NEWARK, N.J. — Rutgers University’s president, a neuroscientist, was brought in last year to turn the school into a medical sciences powerhouse, but he has quickly become a target of criticism from some lawmakers who question his ability to lead the university amid a series of embarrassments in the high-profile athletic department.
Still, Robert Barchi has the support of the state’s most important politician, Gov. Chris Christie, who said Tuesday that he has “absolute confidence” in Barchi and won’t meddle in university business, including its decision to hire Julie Hermann as athletic director.
There have been revelations in recent days that volleyball players at the University of Tennessee complained that Hermann abused them verbally and emotionally when she coached there in the 1990s and that she was involved in a sexual discrimination lawsuit while she was an administrator at Louisville. She was hired by Rutgers May 15 and is scheduled to start there June 17.
“I understand that there are some people that feel differently about it. It doesn’t matter,” Christie said during a testy moment in his monthly call-in show on TownSquare Media Tuesday night. “What matters is: What did the administration at Rutgers believe?”
Christie said he had talked with Barchi, the university’s lawyer and the chairman of the Board of Governors and believes they should be allowed to run the university as they see fit.
“These are their decisions,” Christie said. “Now they have to deal with the questions that are being raised.”
Last month, Christie, a Republican, gave a similar view when some Democratic lawmakers first questioned whether Barchi should be president at the start of a cycle of problems in the athletic department. Then, the university fired basketball coach Mike Rice days after a video was made public of him berating players with gay slurs, kicking them and throwing basketballs at them.
The university’s athletic director and top in-house lawyer both resigned under pressure. Since then, the university has defended its hiring of new basketball coach Eddie Jordan after the school said he was a Rutgers graduate when he was not. Lacrosse coach Brian Brecht was also suspended two games for verbally abusing his players during practice, something the university discovered in a probe of all its sports programs after Rice’s dismissal.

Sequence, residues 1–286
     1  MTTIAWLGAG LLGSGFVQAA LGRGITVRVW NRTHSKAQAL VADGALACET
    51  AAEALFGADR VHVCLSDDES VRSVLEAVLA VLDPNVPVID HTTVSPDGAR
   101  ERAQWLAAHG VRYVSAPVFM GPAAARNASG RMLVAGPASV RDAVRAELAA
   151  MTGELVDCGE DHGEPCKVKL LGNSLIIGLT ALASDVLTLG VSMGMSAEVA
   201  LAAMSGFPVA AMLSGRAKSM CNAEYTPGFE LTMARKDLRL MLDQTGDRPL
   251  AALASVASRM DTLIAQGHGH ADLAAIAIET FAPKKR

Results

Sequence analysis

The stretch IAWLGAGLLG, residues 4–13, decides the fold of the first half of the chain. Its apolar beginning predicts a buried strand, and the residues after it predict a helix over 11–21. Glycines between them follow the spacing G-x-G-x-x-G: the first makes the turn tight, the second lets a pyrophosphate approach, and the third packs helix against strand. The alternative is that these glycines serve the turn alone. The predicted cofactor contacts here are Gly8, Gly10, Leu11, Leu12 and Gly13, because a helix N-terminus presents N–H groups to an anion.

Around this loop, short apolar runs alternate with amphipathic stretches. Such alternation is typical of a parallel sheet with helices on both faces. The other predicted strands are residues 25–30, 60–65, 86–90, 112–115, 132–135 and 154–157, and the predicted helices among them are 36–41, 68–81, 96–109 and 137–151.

In his defense of Barchi in April, Christie said it would be a mistake to let Barchi go because of his role in trying to rebuild Rutgers.
Lawmakers last year adopted a version of Christie’s plan to reconfigure the state university system with the goal of making Rutgers into an elite medical science research center by having it absorb parts of the University of Medicine and Dentistry of New Jersey.
As the change was being planned, the school hired Barchi away from Philadelphia’s Thomas Jefferson University, a medical school, to oversee the transformation and lead the creation of a strategic plan for Rutgers’ future.
During a university Board of Governors meeting last month, an alumnus asked the board to bring back Tim Pernetti, the former athletic director; basketball players had a news conference; members of other sports teams protested; and TV networks’ satellite trucks lined the street near the meeting. But Barchi’s main presentation to the board was not about the aftermath of the Rice situation. Instead, he gave a detailed report on the process of gathering information to draft a strategic plan.
State Senate President Stephen Sweeney, a Democrat, said Tuesday that he would not say whether he thinks Barchi should resign until after he gets more details from him on Hermann’s hiring.
Sweeney was not as convinced that only Barchi can oversee the transition to running medical schools. “The merger’s going to happen regardless of whether Barchi’s there or not,” he told The Associated Press.
Rutgers is to take over the medical schools on July 1.
Barchi, 66, who had previously been a top administrator at the University of Pennsylvania, lacked experience running in the high ranks of a university with the athletic ambitions of Rutgers, where the football team has been transformed from perpetually mediocre to a regular in bowl games and where some faculty, students and alumni have fretted about the consequences of trying to have a big-time sports program.
Because of its stronger football program, solid academic reputation and location in the New York City media market, the university is set to join the Big Ten Conference in 2014.
The athletic directors at the conference’s two most prominent schools — Ohio State and Michigan — said the problems in Rutgers’ athletic department do not seem so damaging as to derail the university’s entry into the league.
On his radio show, Christie also warned against a “character assassination” of Hermann, whom he said he does not know and has never met.
Meanwhile, some former colleagues came to her defense.
Joan Cronan, women’s athletic director emeritus at Tennessee, said in a statement that she holds Hermann in high regard, and that while the ex-coach’s tenure in the 1990s “was a very frustrating time for everyone connected with the volleyball program, I do not recall it being an abusive situation.”
Marc Gesualdo, a graduate assistant for Tennessee’s sports information department from 1994-96, attended virtually all of Tennessee’s games during that stretch, but he wasn’t at all practices.
“Never did I see anything that I would deem as inappropriate,” he said, “or just like so outlandish that it was bordering on abuse.”
Mulvihill reported from Haddonfield. Contributing to this report were Associated Press sports writers Tom Canavan in Newark, Teresa M. Walker in Nashville, Tenn., Rusty Miller in Columbus, Ohio, Larry Lage in Detroit, and Eric Olson in Omaha, Neb.; and AP writers Steve Megargee in Knoxville, Tenn., and Angela Delli Santi in Asbury Park, N.J.